“Armando, enough,” Izdahl said when the architect was about to issue an angry response. He took Armando’s arm and tried to steer him out of the room. When the architect resisted, Izdahl said, “Either you walk or I pick you up.”

“You wouldn’t dare.”

“Oh but I would.”

Armando opted to exit, wanting to keep his pride intact.

“Sione is a professional,” Izdahl explained as he walked with Armando to Kiana’s nearby study, “If she says 30 minutes, then we can count on that.”

“I’m just worried about my sister.”

“I know, me too…I’m also excited. I’ve never been an uncle. We can spoil the child together and make things difficult for our siblings. Syrik deserves it and I doubt Kiana was always pleasant.”

The worried crease in Armando’s forehead disappeared. Izdahl smiled and pulled him close, finding his mouth.

“Wha-What are you doing?” Armando sputtered. He looked around, wondering if anyone had seen them.

“It’s nothing we haven’t done already.”

“You said we would take things slowly.”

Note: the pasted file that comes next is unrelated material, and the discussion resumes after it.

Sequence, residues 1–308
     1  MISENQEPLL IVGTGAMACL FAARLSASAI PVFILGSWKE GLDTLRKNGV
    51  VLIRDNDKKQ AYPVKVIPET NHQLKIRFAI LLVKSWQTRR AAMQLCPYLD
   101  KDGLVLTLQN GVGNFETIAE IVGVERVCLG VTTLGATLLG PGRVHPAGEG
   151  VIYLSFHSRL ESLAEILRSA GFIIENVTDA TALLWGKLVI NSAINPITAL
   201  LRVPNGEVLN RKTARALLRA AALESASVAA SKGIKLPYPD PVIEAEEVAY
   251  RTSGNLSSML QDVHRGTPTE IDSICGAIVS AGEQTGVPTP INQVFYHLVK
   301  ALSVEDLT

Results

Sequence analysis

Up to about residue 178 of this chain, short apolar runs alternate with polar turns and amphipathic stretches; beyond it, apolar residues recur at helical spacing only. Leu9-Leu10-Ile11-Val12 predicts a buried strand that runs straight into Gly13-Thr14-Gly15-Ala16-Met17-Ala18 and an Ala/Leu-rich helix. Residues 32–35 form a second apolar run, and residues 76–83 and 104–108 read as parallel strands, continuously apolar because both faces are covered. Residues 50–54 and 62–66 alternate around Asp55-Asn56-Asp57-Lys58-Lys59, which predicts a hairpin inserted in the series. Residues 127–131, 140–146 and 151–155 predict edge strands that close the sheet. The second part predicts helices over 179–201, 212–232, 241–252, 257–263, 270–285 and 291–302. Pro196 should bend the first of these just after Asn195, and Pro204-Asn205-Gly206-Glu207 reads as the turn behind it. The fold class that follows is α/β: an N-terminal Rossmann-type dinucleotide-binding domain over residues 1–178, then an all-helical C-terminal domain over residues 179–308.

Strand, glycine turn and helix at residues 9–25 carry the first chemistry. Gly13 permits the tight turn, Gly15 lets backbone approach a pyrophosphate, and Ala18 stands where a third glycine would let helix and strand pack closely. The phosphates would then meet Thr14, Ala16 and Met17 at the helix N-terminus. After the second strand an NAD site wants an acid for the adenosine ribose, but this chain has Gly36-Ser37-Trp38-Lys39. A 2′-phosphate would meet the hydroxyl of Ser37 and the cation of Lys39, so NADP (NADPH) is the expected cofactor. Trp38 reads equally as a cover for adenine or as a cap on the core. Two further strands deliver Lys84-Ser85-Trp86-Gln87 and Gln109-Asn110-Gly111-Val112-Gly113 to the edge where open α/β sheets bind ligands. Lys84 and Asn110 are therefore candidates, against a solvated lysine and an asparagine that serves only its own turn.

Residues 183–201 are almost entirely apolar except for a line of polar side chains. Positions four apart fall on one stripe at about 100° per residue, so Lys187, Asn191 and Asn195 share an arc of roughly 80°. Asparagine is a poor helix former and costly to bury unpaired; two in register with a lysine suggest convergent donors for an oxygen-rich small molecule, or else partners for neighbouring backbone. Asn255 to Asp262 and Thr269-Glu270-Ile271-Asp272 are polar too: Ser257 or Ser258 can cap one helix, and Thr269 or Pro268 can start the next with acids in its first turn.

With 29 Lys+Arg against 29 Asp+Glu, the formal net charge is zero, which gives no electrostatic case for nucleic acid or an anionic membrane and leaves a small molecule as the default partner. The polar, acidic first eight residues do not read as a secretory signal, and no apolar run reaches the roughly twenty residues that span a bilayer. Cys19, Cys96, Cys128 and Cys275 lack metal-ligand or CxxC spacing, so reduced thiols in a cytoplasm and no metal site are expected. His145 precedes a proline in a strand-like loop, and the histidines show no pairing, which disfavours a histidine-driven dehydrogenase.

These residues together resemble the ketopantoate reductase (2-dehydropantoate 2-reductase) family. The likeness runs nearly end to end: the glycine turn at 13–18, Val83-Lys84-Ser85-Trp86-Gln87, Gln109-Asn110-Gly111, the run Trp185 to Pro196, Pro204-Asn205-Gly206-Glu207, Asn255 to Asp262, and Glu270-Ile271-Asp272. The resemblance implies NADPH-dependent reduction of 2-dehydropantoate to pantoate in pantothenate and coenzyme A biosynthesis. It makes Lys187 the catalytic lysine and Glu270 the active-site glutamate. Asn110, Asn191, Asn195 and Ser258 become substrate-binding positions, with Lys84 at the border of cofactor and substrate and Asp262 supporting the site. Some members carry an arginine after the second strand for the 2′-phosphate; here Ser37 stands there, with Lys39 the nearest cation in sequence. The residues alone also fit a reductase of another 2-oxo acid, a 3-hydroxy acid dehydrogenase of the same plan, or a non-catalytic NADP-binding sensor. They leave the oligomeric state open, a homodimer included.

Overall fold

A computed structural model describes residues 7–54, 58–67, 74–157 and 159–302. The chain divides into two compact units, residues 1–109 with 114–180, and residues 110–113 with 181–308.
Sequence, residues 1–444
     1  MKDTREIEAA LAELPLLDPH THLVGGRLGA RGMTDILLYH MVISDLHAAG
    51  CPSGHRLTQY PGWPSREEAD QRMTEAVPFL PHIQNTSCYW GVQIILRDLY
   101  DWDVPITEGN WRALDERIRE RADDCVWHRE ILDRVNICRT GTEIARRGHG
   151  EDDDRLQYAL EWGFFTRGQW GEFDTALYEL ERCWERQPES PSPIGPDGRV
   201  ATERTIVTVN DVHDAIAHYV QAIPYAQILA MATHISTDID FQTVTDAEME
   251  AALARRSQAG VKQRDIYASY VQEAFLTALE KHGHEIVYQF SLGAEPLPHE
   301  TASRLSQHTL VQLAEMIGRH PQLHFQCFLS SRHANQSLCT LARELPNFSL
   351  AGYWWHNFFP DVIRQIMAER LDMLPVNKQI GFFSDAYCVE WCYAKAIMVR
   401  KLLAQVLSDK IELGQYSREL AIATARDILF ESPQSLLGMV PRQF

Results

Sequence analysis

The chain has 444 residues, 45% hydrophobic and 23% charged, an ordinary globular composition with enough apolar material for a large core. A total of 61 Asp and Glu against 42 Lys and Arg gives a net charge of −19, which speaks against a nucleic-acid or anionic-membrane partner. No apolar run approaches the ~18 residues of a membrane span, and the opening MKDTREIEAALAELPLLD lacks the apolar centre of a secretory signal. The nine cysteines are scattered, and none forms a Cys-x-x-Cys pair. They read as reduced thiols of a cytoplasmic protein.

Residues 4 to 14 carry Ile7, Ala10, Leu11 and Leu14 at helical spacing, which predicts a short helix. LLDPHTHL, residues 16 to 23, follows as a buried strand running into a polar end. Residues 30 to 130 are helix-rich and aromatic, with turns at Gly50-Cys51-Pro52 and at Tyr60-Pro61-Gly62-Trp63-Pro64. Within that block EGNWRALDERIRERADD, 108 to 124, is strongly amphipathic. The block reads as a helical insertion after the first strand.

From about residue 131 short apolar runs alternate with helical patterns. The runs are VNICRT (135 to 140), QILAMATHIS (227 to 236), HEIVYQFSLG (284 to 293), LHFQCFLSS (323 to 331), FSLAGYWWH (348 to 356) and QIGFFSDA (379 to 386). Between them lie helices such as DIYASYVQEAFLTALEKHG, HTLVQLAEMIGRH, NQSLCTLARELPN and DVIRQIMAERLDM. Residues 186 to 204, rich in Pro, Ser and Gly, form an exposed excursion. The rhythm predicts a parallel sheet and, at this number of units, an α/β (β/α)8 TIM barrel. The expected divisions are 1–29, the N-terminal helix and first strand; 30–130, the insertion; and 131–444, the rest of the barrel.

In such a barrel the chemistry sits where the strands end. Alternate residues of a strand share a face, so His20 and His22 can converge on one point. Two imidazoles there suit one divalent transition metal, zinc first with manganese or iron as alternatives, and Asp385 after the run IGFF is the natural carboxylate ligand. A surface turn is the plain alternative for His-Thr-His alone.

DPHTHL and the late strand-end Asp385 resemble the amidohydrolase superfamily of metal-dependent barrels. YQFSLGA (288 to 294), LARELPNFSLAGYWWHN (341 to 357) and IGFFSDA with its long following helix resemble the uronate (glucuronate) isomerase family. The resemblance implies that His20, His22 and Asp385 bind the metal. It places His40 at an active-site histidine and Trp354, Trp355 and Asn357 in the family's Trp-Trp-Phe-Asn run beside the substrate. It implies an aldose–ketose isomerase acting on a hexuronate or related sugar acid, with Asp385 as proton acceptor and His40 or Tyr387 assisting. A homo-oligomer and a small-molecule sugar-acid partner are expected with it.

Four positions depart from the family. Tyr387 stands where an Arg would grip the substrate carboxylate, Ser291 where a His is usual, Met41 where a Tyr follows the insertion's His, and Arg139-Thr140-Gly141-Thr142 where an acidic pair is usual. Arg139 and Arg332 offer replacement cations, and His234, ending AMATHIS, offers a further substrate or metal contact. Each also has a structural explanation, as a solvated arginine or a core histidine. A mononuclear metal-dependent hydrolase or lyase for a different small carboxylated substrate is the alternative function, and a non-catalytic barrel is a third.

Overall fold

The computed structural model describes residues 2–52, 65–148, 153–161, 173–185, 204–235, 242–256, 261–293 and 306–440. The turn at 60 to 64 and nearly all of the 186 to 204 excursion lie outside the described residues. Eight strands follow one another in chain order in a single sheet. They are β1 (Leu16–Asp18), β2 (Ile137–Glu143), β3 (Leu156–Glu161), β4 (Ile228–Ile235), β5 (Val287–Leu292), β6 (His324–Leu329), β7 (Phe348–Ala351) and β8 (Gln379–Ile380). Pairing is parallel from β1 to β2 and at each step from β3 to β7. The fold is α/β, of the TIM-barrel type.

“We are…” He put some distance between himself and Armando to keep him from becoming unsettled. “Does being so near a Nitelge scare you? You couldn’t have disliked us so much. You named your horse in Nitelge. Yohan, is ‘be free’ in my language.”

“Oh, I had forgotten. Kiana actually called him that, since I had so much trouble coming up with a name. She purchased him for my birthday, four years ago, when he was still a yearling.”

“Perhaps we can go riding together someday soon, if you would not mind.”

“I think I would like that,” Armando said, quietly.

“I can show you Koraiy, my luraga.”

“That’s the Nitelge version of a horse, right?”

“Yes, a bit larger than one.” Izdahl again moved closer to Armando.

“What are you doing?” the architect asked. The wariness was back in his eyes.

“Just exploring,” Izdahl murmured, “Look at you. Stop being so nervous.” He ran one index finger across Armando mouth, searching the architect’s eyes for acquiescence. When the concern that was there disappeared, he put his mouth to Armando’s, slipping his tongue inside. The sweet tingle created by the kiss was just beginning to peak when they were interrupted.

“Izdahl, take your tongue out of his mouth! Go get Kiana some more ice chips,” the two heard.

They pulled apart to see Sione’s keen and mischievous gaze on them. Armando backed away quickly, his urgency making Izdahl grin.

“I’ll do your bidding right away, my lady,” he said to Sione.

When he’d completed the task, he returned to wait with Armando. He was trying to coax another kiss out of the architect when there was an unmistakable cry; that of a child.